Epichlorohydrin1

[106-89-8]  · C3H5ClO  · Epichlorohydrin  · (MW 92.53) (R)

[51594-55-9] (S)

[67843-74-7]

(readily available three-carbon unit functionalized on every carbon; convenient HCl or HBr trap; linker for various polymers)

Alternate Name: chloromethyloxirane.

Physical Data: mp -57 °C; bp 115-117 °C; d 1.183 g cm-3.

Solubility: 6.6 wt% in water; sol alcohol, acetone, THF, toluene, n-heptane.

Form Supplied in: neat liquid; both enantiomers available.

Handling, Storage, and Precautions: should only be handled in a well ventilated fume hood because of its low permissible exposure limit of 2 ppm and reports of allergic skin reactions and lung, liver, and kidney damage. MSDSs are available from the two principal manufacturers (Dow and Shell). The material is not moisture or air sensitive.

Introduction.

Epichlorohydrin (1) is most widely used in polymer synthesis.2 Other common uses include an in situ trapping agent for HCl, HBr,3 or the alcohol generated during formation of Meerwein's reagent (eq 1).4

Reactions with Nucleophiles.

The epoxide is, by far, the more reactive site and a wide variety of nucleophiles have been used (eq 2) to open the ring at C-3 such as HCl (96%),5 HOAc (>50%),6 H2S (65% as cyclized product 3-thietanol),7 HCN (66%),8 ethanol (90%),9 t-butanol (86%),10 phenyl or benzyl thiol (99% or 93%, respectively),11 and phenyl selenide (generated in situ from the diselenide and sodium hydroxymethyl sulfite) (>55%).12 If desired, the epoxide is easily formed from the chlorohydrin by treatment with excess KOH or Et3N.

The epoxide is also opened at C-3 by various electrophilic reagents that fit into the generalized scheme in eq 3. Examples include Chlorotrimethylsilane (TMSCl) (85%),13 TMSCl/NaBr (X = Br) (85%),14 Cyanotrimethylsilane (91%),15 Azidotrimethylsilane (83%),16 Thionyl Chloride (70%),17 H2NCOCl (96%),18 and MeCH=CHCOCl (80%).19 The only report of unusual selectivity for opening the epoxide at C-2 was for Sulfuryl Chloride (eq 4).20

A number of special catalysts have been developed to facilitate ring opening and improve the regioselectivity for reaction at C-3. For example, SnII halides are useful in preparations of (2) (X = Cl, 70%; X = Br, 63%; X = I, 90%).21 An equimolar mixture of Lithium Bromide and Copper(II) Bromide gave (2) (X = Br, 93%).22 The ring can be opened selectively by anilines in the presence of other amines when Cobalt(II) Chloride is the catalyst.23 MgSO4 was found to catalyze the addition of 2 mol of CN- to (1) to afford 3-hydroxyglutaronitrile.24 CaF2 supported on KF was used in the conversion of (1) to epifluorohydrin.25 A catalyst composed of a 1:2 mole ratio of Di-n-butyltin Oxide and tributyl phosphate was developed for ring opening by alcohols.26 Other catalysts shown to be of value for the examples given above include FeCl3,6 LiClO4,11 Et3N,11 CAN,9 DDQ,10 Ti(O-i-Pr)4,15b CoCl2,13,19 YbCl3,15a and Al(O-i-Pr)3.16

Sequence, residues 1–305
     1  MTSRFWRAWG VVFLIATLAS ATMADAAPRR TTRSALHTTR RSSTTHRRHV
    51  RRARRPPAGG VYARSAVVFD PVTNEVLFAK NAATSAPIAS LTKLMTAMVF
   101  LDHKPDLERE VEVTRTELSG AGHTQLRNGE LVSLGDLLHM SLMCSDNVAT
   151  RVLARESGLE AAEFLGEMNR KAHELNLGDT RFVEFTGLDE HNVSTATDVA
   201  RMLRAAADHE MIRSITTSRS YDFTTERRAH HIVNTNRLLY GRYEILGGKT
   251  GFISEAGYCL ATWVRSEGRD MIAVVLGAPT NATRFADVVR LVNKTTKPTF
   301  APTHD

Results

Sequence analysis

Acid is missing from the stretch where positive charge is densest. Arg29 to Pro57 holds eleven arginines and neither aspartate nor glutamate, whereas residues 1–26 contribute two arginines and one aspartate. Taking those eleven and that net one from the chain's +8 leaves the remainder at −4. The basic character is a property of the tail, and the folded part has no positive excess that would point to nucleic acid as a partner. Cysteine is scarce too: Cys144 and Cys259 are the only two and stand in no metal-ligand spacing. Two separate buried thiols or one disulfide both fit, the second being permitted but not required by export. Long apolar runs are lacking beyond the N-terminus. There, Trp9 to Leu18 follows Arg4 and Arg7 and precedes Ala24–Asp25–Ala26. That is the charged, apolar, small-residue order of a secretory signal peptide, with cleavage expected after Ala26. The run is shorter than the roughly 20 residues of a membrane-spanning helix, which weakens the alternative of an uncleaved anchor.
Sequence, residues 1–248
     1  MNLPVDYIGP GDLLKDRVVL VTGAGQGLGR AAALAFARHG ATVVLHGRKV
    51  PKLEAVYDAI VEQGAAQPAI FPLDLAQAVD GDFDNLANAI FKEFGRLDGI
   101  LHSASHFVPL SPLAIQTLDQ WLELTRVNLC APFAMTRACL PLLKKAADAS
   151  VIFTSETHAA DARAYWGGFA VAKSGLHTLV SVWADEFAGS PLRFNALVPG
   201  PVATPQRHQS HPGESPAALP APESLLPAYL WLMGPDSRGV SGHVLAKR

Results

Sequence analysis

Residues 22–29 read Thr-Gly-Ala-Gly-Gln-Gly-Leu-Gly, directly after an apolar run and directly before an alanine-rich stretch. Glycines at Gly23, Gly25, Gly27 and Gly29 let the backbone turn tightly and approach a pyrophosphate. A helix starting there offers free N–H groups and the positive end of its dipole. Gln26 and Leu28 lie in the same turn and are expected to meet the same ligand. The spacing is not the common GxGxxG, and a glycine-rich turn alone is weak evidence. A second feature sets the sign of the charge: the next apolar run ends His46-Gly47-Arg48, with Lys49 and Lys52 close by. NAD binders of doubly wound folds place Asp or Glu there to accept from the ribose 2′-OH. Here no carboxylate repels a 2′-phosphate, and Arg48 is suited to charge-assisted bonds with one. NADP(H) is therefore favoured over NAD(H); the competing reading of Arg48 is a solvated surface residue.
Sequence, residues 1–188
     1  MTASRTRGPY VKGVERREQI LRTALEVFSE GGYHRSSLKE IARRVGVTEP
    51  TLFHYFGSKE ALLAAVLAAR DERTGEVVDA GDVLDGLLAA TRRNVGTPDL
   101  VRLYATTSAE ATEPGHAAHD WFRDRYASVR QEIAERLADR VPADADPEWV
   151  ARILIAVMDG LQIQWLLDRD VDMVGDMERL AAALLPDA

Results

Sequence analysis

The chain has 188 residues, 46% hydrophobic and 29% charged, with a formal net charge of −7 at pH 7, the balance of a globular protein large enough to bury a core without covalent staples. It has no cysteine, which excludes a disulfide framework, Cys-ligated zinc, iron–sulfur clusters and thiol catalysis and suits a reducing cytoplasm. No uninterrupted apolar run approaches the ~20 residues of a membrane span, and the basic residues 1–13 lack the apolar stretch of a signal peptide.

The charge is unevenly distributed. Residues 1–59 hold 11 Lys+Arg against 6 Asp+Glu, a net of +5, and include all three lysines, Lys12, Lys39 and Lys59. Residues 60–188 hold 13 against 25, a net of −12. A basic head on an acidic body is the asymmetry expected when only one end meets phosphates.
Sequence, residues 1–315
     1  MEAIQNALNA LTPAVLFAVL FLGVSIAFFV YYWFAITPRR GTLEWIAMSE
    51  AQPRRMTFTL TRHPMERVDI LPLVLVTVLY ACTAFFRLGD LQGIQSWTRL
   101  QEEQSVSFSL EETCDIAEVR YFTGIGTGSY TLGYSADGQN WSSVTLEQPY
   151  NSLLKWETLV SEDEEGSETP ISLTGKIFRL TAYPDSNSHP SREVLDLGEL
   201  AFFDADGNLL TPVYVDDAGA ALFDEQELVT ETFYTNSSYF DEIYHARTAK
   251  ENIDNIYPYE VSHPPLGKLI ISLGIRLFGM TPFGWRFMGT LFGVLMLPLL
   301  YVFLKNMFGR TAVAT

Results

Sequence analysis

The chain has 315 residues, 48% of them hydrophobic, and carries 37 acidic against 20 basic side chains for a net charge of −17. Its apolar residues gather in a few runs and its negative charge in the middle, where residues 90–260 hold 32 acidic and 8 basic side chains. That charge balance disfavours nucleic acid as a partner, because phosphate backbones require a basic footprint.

A variety of carbon nucleophiles react at C-3 with high regioselectivity. Examples include Grignard reagents,27 aryllithium,28 alkynyllithium,29 and others (eqs 5-8).30-33

Compound (1) can be chain extended by one carbon by a Co-catalyzed CO insertion followed by reduction (eq 9).34 A whole class of medicinally important compounds called b-blockers are prepared from (1) as illustrated in eq 10 for the synthesis of a propranolol analog.35

Preparation of Heterocycles.

A wide array of heterocycles are available from (1). A few examples are shown in eqs 11-16).36-41

In some cases the reaction rate and yield are dramatically improved if the product can be trapped as the TMS ether (eq 17).42 Also, (1) lends itself well to nucleophilic opening under phase transfer conditions (eq 18).43

The ready availability44 of both enantiomers of (1) has greatly enhanced its value as a synthetic intermediate. The pheromone (S)-(-)-ipsenol (2), prepared45 in 16% overall yield in four steps from (R)-(1), is just one of many examples of this utility. In practice, either isomer can sometimes be used by adjusting the order of addition of the groups at C-1 and C-3. The synthesis of (-)-anisomycin (3) illustrates this point.46

Related Reagents.

Glycidol.


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2. For example, CA 12th Coll. Index lists 133 pages of references to polymers.
3. Sato, K.; Kojima, Y.; Sato, H. JOC 1970, 35, 2374.
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20. Malinovskii, M. S. JGU 1947, 17, 1559 (CA 1948, 42, 2229b).
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32. Zuidema, G. D.; vanTamelen, E.; VanZyl, G. OSC 1963, 4, 10.
33. Block, E.; Laffitte, J-A; Eswarakrishnan, V. JOC 1986, 51, 3428.
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40. Baba, A.; Shibata, I.; Masuda, K.; Matsuda, H. S 1985, 1144.
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Joel E. Huber

The Upjohn Co., Kalamazoo, MI, USA



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